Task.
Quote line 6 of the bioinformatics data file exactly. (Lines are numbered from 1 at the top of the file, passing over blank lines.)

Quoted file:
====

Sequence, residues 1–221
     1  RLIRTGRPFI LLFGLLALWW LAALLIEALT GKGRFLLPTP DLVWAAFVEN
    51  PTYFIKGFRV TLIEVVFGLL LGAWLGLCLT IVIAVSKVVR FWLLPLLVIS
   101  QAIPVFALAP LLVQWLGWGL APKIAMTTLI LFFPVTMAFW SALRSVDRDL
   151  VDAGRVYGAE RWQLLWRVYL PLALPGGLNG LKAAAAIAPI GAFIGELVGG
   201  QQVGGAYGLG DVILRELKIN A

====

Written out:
   201  QQVGGAYGLG DVILRELKIN A